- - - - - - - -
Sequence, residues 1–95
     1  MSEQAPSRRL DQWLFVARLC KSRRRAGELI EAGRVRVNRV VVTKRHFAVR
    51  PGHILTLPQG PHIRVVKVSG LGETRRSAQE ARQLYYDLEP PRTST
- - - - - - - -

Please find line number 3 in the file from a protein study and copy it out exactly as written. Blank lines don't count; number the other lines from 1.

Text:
    51  PGHILTLPQG PHIRVVKVSG LGETRRSAQE ARQLYYDLEP PRTST